The reader will find that program right here in this book; as for anything that he may disagree with, he will have to admit that nothing better would serve the purpose of constructing such a program. Far removed, as a result of his personal background, from any scientific pretensions, the author has expressed, without either graphics or statistical charts, that which requires neither graphics nor statistics to be accepted: the unvarnished truth. Although he has devoted his entire life to other pursuits, and lacks credentials of any kind that would entitle him to speak of nuclear physics, if his ideas nonetheless take on an imperious tone, this is because, out of respect for the public, he wanted to elaborate them as clearly as possible and with as few words as needed. His fault, if he does indeed have one, is not due to his incompetence but to his all-too-rapidly attained understanding of the facts: there is only one science, and that is the science of history; that is, until the advent of a new order, the science of domination in history.
Now, however, is not the time to anticipate an argument whose implacable logic the reader will be able to appreciate in the text that follows; for now we shall only point out that these proposals merely comprise a rough outline that I generously offer to people who are more capable than I, people who will know how to further cultivate them so that they attain the only degree of perfection worthy of their subject: to render them indisputable by adding plutonium to the word, cracks to the radioactive containment vessels and evacuation plans to the reassuring assertions. My work is therefore aimed at those who are today known as “decision-makers”; quite inaccurately in my view, because, even if this term was invented to offer them some consolation, what they are most lacking is precisely the power of decision-making. Instead of pretending to be thinkers, they would do better to leave to their enemies—as they did in the past—the satisfaction of compensating for their failures and their much-lamented impotence by understanding the world better than anyone else: as for our “decision-makers”, they have already changed the world so profoundly that they have transformed it into something that definitively discourages any critique. And thus, however much posterity may elaborate theories that cleverly explain this transformation and condemn it, those theories will lack any importance.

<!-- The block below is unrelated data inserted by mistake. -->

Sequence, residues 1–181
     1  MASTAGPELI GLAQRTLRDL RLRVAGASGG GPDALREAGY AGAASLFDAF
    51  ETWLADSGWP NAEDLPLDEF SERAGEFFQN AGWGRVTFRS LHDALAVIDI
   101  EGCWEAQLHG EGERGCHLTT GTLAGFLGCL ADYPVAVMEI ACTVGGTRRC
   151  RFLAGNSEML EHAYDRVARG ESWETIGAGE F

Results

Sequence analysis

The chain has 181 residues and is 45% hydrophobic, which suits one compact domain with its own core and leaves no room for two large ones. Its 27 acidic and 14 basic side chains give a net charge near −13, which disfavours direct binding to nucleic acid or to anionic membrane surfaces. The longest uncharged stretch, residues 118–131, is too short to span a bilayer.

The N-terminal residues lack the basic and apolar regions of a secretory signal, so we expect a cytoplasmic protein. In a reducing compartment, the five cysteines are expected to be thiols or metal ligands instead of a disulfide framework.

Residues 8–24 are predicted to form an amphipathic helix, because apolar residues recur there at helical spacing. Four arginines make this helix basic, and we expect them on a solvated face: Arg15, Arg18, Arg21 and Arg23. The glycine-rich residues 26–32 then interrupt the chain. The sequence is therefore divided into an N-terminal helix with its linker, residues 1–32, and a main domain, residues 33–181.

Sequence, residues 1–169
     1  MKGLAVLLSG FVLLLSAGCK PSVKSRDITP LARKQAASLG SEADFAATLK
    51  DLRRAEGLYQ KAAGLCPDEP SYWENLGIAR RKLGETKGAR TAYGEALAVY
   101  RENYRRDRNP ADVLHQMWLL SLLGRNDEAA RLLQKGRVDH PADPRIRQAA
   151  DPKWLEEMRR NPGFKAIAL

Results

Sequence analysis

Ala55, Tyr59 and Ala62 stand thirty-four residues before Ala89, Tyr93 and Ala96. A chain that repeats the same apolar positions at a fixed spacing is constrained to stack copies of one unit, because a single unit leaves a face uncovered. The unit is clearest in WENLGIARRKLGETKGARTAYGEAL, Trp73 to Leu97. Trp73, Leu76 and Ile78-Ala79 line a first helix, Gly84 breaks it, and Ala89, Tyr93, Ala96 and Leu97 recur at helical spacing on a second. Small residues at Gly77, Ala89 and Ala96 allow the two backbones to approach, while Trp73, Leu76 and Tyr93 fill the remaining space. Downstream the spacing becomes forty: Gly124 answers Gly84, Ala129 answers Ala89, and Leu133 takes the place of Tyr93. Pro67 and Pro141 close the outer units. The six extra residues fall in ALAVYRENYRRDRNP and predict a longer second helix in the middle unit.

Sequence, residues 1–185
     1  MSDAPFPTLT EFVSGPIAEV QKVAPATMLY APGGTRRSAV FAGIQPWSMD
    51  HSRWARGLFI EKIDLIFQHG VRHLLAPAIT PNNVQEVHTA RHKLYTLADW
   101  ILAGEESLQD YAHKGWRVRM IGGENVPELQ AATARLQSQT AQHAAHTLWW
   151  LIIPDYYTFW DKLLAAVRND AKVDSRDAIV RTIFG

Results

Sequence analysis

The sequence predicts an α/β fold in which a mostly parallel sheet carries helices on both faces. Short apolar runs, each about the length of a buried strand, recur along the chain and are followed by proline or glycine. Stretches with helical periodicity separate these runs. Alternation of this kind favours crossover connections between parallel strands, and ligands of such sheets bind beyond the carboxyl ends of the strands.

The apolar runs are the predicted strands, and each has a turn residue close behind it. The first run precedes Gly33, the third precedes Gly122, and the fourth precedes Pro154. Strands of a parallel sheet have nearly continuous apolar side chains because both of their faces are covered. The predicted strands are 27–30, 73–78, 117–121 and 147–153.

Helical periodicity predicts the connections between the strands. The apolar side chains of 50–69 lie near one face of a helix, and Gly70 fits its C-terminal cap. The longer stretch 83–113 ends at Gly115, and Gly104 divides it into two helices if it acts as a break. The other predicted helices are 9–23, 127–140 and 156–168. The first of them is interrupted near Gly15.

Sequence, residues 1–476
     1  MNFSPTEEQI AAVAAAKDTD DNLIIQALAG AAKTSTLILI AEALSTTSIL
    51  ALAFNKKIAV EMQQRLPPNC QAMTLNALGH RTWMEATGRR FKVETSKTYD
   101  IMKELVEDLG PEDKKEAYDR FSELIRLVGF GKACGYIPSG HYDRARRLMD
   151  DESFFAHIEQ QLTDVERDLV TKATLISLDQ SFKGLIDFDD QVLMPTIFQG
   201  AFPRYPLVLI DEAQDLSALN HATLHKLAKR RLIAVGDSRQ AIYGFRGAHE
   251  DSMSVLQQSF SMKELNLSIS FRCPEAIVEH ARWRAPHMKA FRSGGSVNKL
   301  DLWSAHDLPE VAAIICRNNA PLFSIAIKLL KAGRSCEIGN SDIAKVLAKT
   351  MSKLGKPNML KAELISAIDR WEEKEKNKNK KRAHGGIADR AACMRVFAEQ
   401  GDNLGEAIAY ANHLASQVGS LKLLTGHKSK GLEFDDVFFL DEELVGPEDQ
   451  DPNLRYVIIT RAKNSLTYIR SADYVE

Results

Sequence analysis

In any event, intellectual originality will not be found to constitute one of the qualities of this work, which some people will surely interpret as an exaggerated way to make a point in an era when such originality is like a debt that we have to pay regularly by the truckload; the public has become so demanding in this respect that it is no longer satisfied unless it is presented with a restructuring of human understanding carried out by way of a vigorous reorganization of its categories every four months. Or even more frequently, in accordance with a rate of turnover that does not exceed by even one iota that of the inventory rotation recommended for managerial methods in a modern bookstore. As for me, since I am utterly lacking that cleverness that allows modern thinkers to produce the newest ideas without ever starting from or returning to reality, I have sought to demonstrate that in this case there can be some merit in taking the easy way of ordinary thought, with the intention of inserting it into reality. The issue of nuclear power is properly and quite concretely the radical simplification of the problem I broached above, because it allows anyone to focus on all of humanity’s problems with the most well-grounded coherence. If, in order to write genially, it is enough to be genial oneself and then write naturally, here we shall perceive how nuclear power, as we await the other mutations that it has in store for us, can now make anyone genial.